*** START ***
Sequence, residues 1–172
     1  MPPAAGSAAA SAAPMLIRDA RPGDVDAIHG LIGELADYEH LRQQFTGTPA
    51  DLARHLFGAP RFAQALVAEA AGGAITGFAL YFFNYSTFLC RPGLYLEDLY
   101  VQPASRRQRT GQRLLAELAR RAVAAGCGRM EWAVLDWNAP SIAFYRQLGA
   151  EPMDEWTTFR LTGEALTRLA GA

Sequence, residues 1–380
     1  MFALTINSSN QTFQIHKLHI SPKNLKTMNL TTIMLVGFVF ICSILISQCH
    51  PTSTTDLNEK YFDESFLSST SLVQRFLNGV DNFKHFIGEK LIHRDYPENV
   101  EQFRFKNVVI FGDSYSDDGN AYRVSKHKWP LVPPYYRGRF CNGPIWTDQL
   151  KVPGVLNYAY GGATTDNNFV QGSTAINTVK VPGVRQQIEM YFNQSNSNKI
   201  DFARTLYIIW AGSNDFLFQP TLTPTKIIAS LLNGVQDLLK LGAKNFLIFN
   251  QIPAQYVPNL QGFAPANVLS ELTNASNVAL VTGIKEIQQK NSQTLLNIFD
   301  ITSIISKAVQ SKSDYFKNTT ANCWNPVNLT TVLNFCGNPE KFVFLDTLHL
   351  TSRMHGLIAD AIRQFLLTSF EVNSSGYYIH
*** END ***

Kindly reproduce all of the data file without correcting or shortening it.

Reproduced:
Sequence, residues 1–172
     1  MPPAAGSAAA SAAPMLIRDA RPGDVDAIHG LIGELADYEH LRQQFTGTPA
    51  DLARHLFGAP RFAQALVAEA AGGAITGFAL YFFNYSTFLC RPGLYLEDLY
   101  VQPASRRQRT GQRLLAELAR RAVAAGCGRM EWAVLDWNAP SIAFYRQLGA
   151  EPMDEWTTFR LTGEALTRLA GA

Sequence, residues 1–380
     1  MFALTINSSN QTFQIHKLHI SPKNLKTMNL TTIMLVGFVF ICSILISQCH
    51  PTSTTDLNEK YFDESFLSST SLVQRFLNGV DNFKHFIGEK LIHRDYPENV
   101  EQFRFKNVVI FGDSYSDDGN AYRVSKHKWP LVPPYYRGRF CNGPIWTDQL
   151  KVPGVLNYAY GGATTDNNFV QGSTAINTVK VPGVRQQIEM YFNQSNSNKI
   201  DFARTLYIIW AGSNDFLFQP TLTPTKIIAS LLNGVQDLLK LGAKNFLIFN
   251  QIPAQYVPNL QGFAPANVLS ELTNASNVAL VTGIKEIQQK NSQTLLNIFD
   301  ITSIISKAVQ SKSDYFKNTT ANCWNPVNLT TVLNFCGNPE KFVFLDTLHL
   351  TSRMHGLIAD AIRQFLLTSF EVNSSGYYIH